America's lax gun laws are killing Mexico. Drug cartels are using the easy access to guns on this side of the border to ramp up their war against the Mexican government. The United States cannot allow its neighbor and ally to lose more ground to the narcoterrorists. It needs to crack down on dealers in the States and help stanch the flow of weapons across the border.
Guns bought in the United States and carried on foot or by car across the border were involved in many of the more than 6,000 murders in Mexico's drug warfare last year. Authorities in Mexico and the United States say 90 to 95 percent of the thousands of weapons seized before or after attacks in Mexico have been traced to dealers in the United States.
U.S. gun laws allow for the sale of automatic and high-powered weapons. Mexico limits most high-caliber weapons to military and police forces. Mexico also inspects few vehicles or people crossing the border. Authorities say they have no means to determine how many guns have been smuggled into Mexico, and they note that nearly 7,000 licensed gun dealers operate in the four U.S. border states.
Both nations are threatened by a pipeline that has drugs flowing north and cash and guns flowing south. Straw buyers buy guns on the U.S. side, at both shops and gun shows, and then pass those weapons off to smugglers who carry them to the drug cartels. The traffickers' firepower has become a serious challenge to Mexico's security services, which do not have the manpower or money to stop the smuggling.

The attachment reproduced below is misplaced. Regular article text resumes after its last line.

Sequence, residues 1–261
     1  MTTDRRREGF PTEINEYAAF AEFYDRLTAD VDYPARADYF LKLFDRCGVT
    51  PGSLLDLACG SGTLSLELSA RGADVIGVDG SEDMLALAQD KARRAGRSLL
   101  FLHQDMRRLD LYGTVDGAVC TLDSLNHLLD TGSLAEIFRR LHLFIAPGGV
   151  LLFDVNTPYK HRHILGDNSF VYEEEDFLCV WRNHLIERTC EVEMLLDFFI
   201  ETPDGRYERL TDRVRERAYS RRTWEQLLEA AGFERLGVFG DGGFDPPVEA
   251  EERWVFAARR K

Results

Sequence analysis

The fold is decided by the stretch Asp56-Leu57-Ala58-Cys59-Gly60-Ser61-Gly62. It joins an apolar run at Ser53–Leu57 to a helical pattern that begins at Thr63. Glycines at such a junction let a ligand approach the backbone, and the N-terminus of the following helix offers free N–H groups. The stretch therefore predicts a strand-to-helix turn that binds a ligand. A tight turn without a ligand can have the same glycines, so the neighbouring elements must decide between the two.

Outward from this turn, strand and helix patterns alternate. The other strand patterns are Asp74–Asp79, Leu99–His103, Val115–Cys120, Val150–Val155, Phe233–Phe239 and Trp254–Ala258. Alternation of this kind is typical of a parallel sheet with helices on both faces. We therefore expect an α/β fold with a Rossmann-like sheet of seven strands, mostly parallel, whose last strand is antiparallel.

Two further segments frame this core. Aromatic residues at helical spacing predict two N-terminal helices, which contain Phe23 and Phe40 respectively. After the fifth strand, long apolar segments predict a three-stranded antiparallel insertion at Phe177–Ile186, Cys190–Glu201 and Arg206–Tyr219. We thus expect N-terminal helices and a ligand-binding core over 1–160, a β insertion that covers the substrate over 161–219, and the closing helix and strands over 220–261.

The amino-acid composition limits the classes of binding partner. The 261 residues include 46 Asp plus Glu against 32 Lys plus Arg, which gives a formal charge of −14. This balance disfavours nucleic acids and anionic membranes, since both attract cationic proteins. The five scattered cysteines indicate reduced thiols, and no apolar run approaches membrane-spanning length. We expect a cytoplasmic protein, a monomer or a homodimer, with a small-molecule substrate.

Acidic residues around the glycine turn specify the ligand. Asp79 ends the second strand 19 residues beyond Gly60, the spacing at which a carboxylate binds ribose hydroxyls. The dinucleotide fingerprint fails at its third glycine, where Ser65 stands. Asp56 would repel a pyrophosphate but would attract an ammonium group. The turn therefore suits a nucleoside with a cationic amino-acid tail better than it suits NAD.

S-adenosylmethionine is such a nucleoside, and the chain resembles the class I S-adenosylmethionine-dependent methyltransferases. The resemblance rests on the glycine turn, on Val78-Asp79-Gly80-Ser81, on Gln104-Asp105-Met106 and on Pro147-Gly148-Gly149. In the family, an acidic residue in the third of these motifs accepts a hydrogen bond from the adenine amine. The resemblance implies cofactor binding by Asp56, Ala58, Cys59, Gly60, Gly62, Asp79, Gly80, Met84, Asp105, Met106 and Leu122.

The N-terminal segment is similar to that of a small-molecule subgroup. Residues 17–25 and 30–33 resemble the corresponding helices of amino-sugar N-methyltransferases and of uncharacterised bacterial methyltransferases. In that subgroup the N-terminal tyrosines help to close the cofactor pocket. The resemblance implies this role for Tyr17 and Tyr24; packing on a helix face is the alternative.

This is not just Mexico's problem. The State Department, which restricts its diplomats' travel in Mexico, issued a travel alert last week warning about the spike in drug violence and urging Americans to stay on main roads during the daylight hours. It also noted that the greatest increase in violence was occurring near the U.S. border. American colleges are warning their students as the spring break travel period nears.
Washington needs to crack down on dealers who supply known straw buyers with guns. Better enforcement of existing laws to verify a buyer's identity would go a long way in slowing the smuggling. But the real work is at the border. Smugglers are able to supply the cartels because Mexican officials are so lax about inspecting traffic coming into the country. The cartels cannot be allowed to strengthen; that only raises the risk they would bring this same brand of violence to their drug networks in the United States. President Obama should use the inter-American summit in April as a stage to craft a new strategy with Mexico that would address this security threat to the region.